What are the advantages of checking the "Enable IO APIC" option in VirtualBox?

While I can't find any information on advantages when I google it, two disadvantages are clear. First, it can break older Windows VMs if it is disabled after installation. Second, it reduces VM performance. Yet, I noticed that it is enabled by default when installing Ubuntu 64bit.


Here is the quote from VirtualBox documentation:

Enable I/O APIC

Advanced Programmable Interrupt Controllers (APICs) are a newer x86 hardware feature that have replaced old-style Programmable Interrupt Controllers (PICs) in recent years. With an I/O APIC, operating systems can use more than 16 interrupt requests (IRQs) and therefore avoid IRQ sharing for improved reliability.

Note: Enabling the I/O APIC is required for 64-bit guest operating systems, especially Windows Vista; it is also required if you want to use more than one virtual CPU in a virtual machine.

However, software support for I/O APICs has been unreliable with some operating systems other than Windows. Also, the use of an I/O APIC slightly increases the overhead of virtualization and therefore slows down the guest OS a little.

Warning: All Windows operating systems starting with Windows 2000 install different kernels depending on whether an I/O APIC is available. As with ACPI, the I/O APIC therefore must not be turned off after installation of a Windows guest OS. Turning it on after installation will have no effect however.

In addition, you can turn off the Advanced Configuration and Power Interface (ACPI) which VirtualBox presents to the guest operating system by default. ACPI is the current industry standard to allow operating systems to recognize hardware, configure motherboards and other devices and manage power. As all modern PCs contain this feature and Windows and Linux have been supporting it for years, it is also enabled by default in VirtualBox. It can be turned off on the command line; e see the section called “VBoxManage modifyvm”.

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    Can you explain the last paragraph? What is the benefit of turning off ACPI? – Matthew Flaschen Jul 16 '13 at 21:22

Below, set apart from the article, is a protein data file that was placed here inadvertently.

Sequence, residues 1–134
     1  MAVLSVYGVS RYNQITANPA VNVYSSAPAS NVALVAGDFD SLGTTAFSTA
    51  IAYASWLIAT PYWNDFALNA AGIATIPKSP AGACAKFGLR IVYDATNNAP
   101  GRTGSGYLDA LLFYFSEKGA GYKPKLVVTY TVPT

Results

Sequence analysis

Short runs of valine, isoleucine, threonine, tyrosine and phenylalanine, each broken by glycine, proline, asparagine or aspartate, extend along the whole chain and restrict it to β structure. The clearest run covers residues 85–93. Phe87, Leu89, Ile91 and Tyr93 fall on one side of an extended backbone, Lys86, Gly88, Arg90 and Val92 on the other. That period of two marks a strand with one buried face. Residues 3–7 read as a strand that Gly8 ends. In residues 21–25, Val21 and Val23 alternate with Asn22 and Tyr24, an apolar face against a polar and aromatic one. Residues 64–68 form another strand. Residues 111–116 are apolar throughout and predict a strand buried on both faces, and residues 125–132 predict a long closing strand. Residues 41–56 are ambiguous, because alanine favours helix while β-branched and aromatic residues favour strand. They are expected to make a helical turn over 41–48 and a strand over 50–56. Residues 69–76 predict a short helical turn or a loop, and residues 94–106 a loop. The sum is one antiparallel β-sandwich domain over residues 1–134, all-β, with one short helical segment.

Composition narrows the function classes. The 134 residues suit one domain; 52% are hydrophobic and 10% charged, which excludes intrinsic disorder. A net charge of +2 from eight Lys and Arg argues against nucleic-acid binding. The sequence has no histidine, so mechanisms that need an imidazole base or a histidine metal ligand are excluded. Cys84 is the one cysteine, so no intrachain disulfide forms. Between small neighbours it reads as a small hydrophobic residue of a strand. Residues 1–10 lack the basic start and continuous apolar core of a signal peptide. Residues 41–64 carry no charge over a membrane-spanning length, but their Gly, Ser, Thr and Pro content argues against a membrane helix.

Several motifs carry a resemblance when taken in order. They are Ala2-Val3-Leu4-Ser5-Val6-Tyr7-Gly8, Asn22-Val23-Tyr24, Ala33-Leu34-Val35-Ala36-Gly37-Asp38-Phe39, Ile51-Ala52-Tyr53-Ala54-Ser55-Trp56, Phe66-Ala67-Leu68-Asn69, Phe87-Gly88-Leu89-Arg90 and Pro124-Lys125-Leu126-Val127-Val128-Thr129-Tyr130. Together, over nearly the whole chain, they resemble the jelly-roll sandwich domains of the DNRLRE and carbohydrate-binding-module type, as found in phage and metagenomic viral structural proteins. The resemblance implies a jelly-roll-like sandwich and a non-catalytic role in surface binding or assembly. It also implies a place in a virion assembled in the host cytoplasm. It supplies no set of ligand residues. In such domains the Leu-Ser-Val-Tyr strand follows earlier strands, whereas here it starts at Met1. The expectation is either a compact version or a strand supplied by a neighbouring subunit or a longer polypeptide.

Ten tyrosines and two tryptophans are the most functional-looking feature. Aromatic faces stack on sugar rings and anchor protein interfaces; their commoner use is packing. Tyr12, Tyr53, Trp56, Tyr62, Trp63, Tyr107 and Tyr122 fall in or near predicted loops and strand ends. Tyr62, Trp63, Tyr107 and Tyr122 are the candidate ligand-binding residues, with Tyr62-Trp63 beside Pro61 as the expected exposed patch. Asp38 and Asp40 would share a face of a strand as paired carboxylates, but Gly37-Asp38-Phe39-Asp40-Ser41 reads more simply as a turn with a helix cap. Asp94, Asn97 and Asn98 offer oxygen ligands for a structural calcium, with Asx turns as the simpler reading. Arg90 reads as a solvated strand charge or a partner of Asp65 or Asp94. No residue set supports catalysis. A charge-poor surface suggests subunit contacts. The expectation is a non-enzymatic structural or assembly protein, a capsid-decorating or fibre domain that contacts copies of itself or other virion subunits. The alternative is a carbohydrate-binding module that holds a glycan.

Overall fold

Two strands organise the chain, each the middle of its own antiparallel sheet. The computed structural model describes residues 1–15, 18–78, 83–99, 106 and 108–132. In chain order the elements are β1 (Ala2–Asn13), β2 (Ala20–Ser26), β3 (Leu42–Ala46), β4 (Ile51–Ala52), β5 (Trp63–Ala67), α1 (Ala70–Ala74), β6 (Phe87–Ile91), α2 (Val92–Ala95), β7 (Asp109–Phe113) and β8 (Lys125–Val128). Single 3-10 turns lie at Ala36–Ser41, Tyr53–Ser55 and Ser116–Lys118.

• @MatthewFlaschen: you took the words out of my mind. – Davi Lima Feb 6 '16 at 11:32

You might need it when migrating a physical machine to a virtual machine, if the physical machine has an IO APIC. Most modern machines do.

A standard installation on a modern physical PC or VMware will usually result in Halaacpi.dll being chosen as most systems nowadays have an IO APIC and VMware chose to virtualize it by default (VirtualBox disables the IO APIC because it is more expensive to virtualize than a standard PIC).


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    Another advantage is that it allows you allocate more than one virtual processor to your guest VM. – Goyuix Dec 7 '09 at 21:25

Unfortunately, I have an older machine with only a Pentium D processor. My VirtualBox running under Fedora was HORRIBLE. I scoured the internet looking for anything that would improve performance. I found an Article that showed how to manually disable APIC IO, and after doing the procedure, I was astounded by the marked improvement (better than double the speed) I gained by doing it.....

Running Fedora Core 14 on an HP / Compaq dc7700 with 3G memory, running Virtualbox version 3.2.10 r66523


Having tried to get an Acronis restored image from an original, physical image to boot in Vbox - (XPSP3) - (Just displays the 'didn't shut down properly' message...every boot), I decided to select the IO APIC option (Settings - System - Motherboard - Extended Features - SELECT Enable IO APIC) - not really knowing what its function was in Vbox. Once I selected and rebooted, the machine fired into life and works perfectly.

Hope this helps.


As my machine does not support APIC (Host is win 8.1 64 Bit,Guest is Oracle Linux 64 Bit ) I was getting system panic and could not fully initialized the guest machine .

As I changed the number of CPU's in my guest system from 2X to 1X (I have the total of 4X) I was able to fully load my guest machine .

  • Of course you should just enable IO APIC. There is no good reason to have this disabled. – Michael Hampton Dec 7 '14 at 17:55
  • Downvoting because this doesn't seem to answer the question or add anything useful to the discussion. – Andrew Schulman Dec 7 '14 at 17:55

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